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April 14, 2010

Harper still hounds Abdelrazik

Reuel S. Amdur

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Well, in spite of all the deviousness and outright lies of the Tory government and then-Foreign Minister Lawrence Cannon, the pressure of concerned citizens and a court order by Justice Russel Zinn prevailed.

Canada finally arranged Abousfian Abdelrazik’s return from Sudan on June 27, 2009.  A victory for human rights.  Aside from his law suit against the Canadian government and Lawrence Cannon, that should be the end of the story, right?  Wrong.  Let me explain.

As you may remember, Abdelrazik was stranded in Sudan since he went to visit his sick mother in 2003, arrested at Canada’s request on two occasions, when he was tortured. 

It was alleged that he was connected to terrorism.  He ended his stay in Sudan living in the Canadian embassy.  Various Canadian officials visiting Sudan, including then-Prime Minister Paul Martin, would not return him with them.

 One alibi that Canada used in refusing to assist him to return, or even to give him a new passport or a travel document, was that he would be unable to get a flight because his name was on the list under the UN Security Council Resolution 1267, which would, it was thought, prevent any airline from taking him. 

His lawyer Yavar Hameed found an airline that would do so, thus blowing Canada’s alibi.  While Lawrence Cannon was not through with his slippery maneuvers, his game was up, and the judge made the Tories yield and bring him back. 

However, Resolution 1267 still hangs over his head.  That document continues to list him as a terrorist suspect. 

While Canada did request his removal from the list in 2007, after his name was cleared by both the RCMP and CSIS (Canadian Security and Intelligence Service), the Security Council did not give unanimous approval, and therefore his name stands. 

It is generally believed that the United States prevented the removal of his name. 

Interestingly, even after Canada’s request to remove his name, Canada continued to keep him stranded in Sudan.  And when he was prepared, with ticket in hand, to leave Khartoum, Cannon at the last minute refused him a travel document on grounds that he was a security threat.  Strange. 

Abdelrazik is back in Montreal with his family, which is all well and good.

 However, he still feels the full weight of 1267.  It means that he is forbidden to fly or own firearms, and his assets are frozen.

Flying is not a pressing problem, now that he is home in Montreal, and he has no need for weapons.  However, the assets freeze is another matter.

The freeze means that it is illegal for anyone to collect for him or provide to him any funds, or to facilitate any property transactions.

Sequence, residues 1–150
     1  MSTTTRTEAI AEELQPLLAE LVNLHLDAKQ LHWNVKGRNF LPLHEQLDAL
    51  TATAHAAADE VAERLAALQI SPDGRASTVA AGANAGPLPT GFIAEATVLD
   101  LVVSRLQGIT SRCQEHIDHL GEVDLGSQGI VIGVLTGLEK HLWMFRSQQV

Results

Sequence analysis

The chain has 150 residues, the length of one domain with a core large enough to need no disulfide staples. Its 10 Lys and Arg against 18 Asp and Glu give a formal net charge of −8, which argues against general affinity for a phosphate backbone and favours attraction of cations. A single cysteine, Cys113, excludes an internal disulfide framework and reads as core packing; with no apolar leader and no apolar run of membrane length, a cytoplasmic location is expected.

In concrete terms, that means no bank account and no job.  Technically, even help from his family is illegal.  In short, the provisions of 1267 would, if fully implemented against him, leave him to starve to death in the street.

Justice Zinn had this to say about 1267. 

It is “a denial of basic legal remedies and . . . untenable under the principles of international human rights.  There is nothing in the listing or de-listing procedure that recognizes the principles of natural justice or that provides for basic procedural fairness.” 

So does 1267 bind Canada from providing Abdelrazik any relief? 

To answer that question we need to look at what happened to another man whose name was on the list.

Liban Hussein, a Somali-born Canadian, was arrested in Canada on November 7, 2001, at the request of the United States. They suspected that his money transfer business was in some way linked to al-Qaeda.  His name was added to that same list.

Some months later, Canada found that there was no evidence of any wrongdoing by Hussein, and charges were dropped, both in Canada and in the United States, and his name was removed from the list—after his businesses had been ruined, incidentally. 

However—and this is where his case becomes pertinent to Abdelrazik’s situation—even before Hussein’s name was removed from the list, Canada exempted him from the regulations implementing 1267. 

So there is nothing preventing the government from exempting Abdelrazik. 

Project Fly Home is the movement that collected the money—illegally, since Abdelrazik was on the list—to buy an airplane ticket to bring him back to Canada. 

Now Project Fly Home is organizing a “Sanctions-Busting Telethon” on April 28, to raise funds for a court fight to make the Conservatives allow him to work, earn, and bank. 

To take part in the telethon, call 1-877-737-4070 on April 28, from 7 to 9 p.m. Eastern Standard Time. 

If you are in Montreal, you can also attend a sanctions-busting spaghetti dinner at the Georges Vanier Cultural Centre, 2450, Workman St., at 6 p.m. that day. 

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